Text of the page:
A Very Agreeable Review

By Alison Malawey

Staff Writer

Crown Publishing Group, a subsidiary of Penguin Random House, released “A Very Punchable Face: A Memoir” by Colin Jost on July 14, 2020.

According to the “About the Author” section of the book, Jost is a head writer at “Saturday Night Live” (“SNL”), a Weekend Update anchor and a touring stand-up comedian.

My first impression of Colin Jost was that he’s bland. Yes, he’s good looking, if that’s what you’re into. Yes, he has an impressive and creative job, but the only episodes of “SNL” I’ve seen in their entirety usually involve all or one member of One Direction. So, his job was never something I considered
remarkable.

He grew up on Staten Island, the most suburban of the New York City burrows. His father was a teacher; his mother a doctor. He graduated from Harvard University.

He’s a privileged white man born and raised in New York City who wears a suit just to fly; what could he possibly have to say that I would care to listen to?

In the last couple of years, I’ve taken an interest in comedy. Everyone in comedy seems to know one another.

They are so interwoven together in their chosen profession, it’s difficult to stan one person in comedy without coming across another, especially if they are brothers.

As a fan of Casey Jost, I’ve always assumed that Casey was the funnier, albeit less successful of the two siblings. But as I became more acquainted with the Jost family (I adore their father), Colin became less mundanely repulsive to me, and when he came out with a book, I was interested in reading it.

I loved it.

This book spoke to me on so many different levels.

If you assume, this book is nothing but some kind of famous guy name- dropping his more famous friends’ names, you’d be wrong.

“A Very Punchable Face” is about different points in Jost’s life; from not learning to speak until the age of 4 to commuting three hours a day to attend high school in Manhattan to finding his place at Harvard with “The Lampoon,” a humor magazine published by undergraduates, to his life after
getting hired at “SNL.”

There is one story about Jost trekking across Europe with Andy Samberg and Seth Meyers, another about him getting pelted with rotten tomatoes while walking with Scarlett Johansson back to their hotel and another about him being saved from drowning by Jimmy Buffett.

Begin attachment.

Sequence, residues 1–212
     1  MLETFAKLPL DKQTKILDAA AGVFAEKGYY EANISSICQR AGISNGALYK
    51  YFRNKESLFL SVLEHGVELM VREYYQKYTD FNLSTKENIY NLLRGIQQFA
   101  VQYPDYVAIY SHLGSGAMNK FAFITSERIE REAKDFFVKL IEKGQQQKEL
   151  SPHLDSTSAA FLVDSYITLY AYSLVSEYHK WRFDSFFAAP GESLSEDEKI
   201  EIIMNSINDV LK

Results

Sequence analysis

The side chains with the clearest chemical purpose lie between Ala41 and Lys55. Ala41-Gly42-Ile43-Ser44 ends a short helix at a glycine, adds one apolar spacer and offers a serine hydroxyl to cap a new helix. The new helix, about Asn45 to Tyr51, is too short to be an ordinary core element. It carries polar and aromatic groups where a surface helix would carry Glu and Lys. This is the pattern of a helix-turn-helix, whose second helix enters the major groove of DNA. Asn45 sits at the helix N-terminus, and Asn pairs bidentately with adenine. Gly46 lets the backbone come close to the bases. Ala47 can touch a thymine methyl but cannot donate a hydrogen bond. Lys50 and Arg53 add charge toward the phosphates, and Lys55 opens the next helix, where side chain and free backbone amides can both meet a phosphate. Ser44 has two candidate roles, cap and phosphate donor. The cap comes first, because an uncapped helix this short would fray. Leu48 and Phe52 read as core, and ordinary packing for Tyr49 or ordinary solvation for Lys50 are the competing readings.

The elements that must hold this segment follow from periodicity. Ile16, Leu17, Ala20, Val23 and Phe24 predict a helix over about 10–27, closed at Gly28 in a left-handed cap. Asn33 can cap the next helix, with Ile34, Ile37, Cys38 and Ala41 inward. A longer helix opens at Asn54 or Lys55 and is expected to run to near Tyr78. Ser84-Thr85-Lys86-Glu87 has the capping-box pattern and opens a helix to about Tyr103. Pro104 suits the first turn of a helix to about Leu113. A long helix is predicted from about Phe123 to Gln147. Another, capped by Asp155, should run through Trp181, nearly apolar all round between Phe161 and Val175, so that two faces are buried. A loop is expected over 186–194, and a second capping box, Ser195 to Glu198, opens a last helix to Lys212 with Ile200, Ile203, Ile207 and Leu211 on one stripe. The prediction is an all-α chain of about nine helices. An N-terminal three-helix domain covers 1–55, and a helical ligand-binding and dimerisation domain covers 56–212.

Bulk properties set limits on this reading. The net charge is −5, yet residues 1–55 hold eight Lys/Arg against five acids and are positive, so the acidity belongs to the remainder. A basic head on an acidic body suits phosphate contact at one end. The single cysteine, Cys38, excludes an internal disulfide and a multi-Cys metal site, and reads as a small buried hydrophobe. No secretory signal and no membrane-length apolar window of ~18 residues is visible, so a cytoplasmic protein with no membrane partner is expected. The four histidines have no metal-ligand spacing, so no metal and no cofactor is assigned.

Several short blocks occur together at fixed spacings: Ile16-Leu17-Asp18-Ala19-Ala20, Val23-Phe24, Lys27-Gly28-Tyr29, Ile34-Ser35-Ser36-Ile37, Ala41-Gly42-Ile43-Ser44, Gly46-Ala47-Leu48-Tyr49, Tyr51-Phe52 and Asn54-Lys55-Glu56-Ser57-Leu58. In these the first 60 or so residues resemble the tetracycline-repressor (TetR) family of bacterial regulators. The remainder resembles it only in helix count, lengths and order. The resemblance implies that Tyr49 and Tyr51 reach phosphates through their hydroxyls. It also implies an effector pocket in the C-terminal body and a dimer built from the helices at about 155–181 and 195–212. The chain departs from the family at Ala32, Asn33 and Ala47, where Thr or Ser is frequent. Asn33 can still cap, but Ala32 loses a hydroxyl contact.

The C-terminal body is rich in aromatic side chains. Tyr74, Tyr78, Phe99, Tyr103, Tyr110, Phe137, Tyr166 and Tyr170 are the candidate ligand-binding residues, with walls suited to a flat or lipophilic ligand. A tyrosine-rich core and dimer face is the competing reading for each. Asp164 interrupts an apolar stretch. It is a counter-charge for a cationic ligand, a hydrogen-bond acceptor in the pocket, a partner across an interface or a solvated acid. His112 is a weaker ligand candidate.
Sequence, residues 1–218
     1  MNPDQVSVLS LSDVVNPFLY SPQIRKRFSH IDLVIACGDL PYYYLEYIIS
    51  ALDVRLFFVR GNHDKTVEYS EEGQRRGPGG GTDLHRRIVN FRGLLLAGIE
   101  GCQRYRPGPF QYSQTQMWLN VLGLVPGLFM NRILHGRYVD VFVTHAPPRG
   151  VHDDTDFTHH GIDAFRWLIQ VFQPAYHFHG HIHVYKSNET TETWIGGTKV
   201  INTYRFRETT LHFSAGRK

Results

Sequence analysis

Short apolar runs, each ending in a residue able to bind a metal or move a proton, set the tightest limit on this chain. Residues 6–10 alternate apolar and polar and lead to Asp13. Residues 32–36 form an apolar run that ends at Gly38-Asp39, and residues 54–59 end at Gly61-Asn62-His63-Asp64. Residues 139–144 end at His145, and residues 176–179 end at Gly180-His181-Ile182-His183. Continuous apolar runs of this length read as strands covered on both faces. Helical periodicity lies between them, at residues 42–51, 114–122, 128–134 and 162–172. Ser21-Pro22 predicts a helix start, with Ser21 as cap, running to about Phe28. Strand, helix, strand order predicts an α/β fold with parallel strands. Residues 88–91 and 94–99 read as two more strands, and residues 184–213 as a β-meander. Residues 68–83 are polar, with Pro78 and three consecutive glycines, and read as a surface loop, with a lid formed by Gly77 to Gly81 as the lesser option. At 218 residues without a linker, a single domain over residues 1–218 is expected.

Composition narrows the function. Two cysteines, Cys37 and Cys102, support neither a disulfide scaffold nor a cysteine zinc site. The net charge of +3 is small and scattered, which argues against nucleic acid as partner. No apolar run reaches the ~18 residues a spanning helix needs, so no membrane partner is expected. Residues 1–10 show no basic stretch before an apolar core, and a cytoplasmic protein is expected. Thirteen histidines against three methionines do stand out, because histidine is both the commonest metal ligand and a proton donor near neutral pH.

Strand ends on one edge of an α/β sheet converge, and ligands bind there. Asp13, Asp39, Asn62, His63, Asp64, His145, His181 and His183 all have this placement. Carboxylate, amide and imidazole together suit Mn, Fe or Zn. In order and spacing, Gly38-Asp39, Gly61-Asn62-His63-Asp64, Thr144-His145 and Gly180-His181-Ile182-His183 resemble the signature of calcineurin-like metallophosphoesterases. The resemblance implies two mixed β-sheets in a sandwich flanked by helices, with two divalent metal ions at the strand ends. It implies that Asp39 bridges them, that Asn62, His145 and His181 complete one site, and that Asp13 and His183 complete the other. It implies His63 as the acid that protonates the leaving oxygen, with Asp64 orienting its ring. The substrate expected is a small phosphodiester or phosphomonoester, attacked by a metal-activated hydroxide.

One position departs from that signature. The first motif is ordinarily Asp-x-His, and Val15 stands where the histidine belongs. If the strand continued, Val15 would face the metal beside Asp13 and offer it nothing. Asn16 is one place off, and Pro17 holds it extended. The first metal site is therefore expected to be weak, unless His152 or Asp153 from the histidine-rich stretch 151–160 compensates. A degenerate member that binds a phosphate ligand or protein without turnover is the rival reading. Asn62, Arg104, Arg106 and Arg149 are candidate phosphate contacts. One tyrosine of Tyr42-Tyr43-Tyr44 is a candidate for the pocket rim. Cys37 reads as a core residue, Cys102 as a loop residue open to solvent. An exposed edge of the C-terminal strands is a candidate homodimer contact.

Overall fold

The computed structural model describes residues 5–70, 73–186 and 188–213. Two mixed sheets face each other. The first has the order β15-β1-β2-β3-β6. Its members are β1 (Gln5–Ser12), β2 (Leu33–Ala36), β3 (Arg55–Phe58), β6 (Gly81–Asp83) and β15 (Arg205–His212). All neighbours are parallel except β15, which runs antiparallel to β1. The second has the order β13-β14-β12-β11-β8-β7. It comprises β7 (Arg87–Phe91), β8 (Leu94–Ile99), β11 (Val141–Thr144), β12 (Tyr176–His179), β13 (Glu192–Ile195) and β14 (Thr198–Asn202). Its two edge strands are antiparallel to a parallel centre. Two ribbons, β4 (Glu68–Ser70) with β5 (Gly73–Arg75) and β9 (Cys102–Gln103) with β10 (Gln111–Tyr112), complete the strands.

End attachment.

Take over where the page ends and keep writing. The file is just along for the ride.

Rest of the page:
But the majority of the book is about himself, his thoughts and things he’s experienced; his issues with his weight as a child, inability to fit in after going away to college, being homesick in Russia. One of the most touching moments of the book is the chapter dedicated to his mother. Jost’s mother was chief medical officer for the New York City Fire department for 24 years, including during 9/11.

Jost recounts the experiences his mother faced at ground zero on that fateful day and the many after. I cried the entire time I read it.

There’s a chapter titled “Eggs in My Legs” which I naively assumed was about an “SNL” sketch that had to do with scrambled eggs in people’s legs. How foolish of me. Of course, it was about the time he visited Nicaragua, and a botfly laid eggs in his legs.

All fortune in Jost’s life seems to have fallen into his lap by luck, but I assume that is just what he wants you to think. His modesty is evident in that a large part of his career is making fun of himself.

Jost’s tactic for writing seems to be to pump out a massive quantity of material and hope that some of it is usable whether it was for speech in high school, articles for “The Lampoon”, or sketches for “SNL.”

It’s evident that there was definitely plenty of quality material that came from his efforts. He has five Writers Guild Awards, two Peabody Awards and a PETA Elly Award for the sketch “Diner Lobster.”

He’s also been nominated for thirteen Emmy Awards and not won once.

But hey, it’s an honor to be nominated, right?

Jost’s motivation in life seems to be driven out of a fear of being average which is something that many people can relate to. He uses this book to acknowledge the roles others have had in his life and show his gratitude for it, but not without his running joke of self- deprecation.

“A Very Punchable Face” made me laugh. It made me cry. Above all, it has motivated me. I think you should read it. I give this book a 4.6 out of 5.

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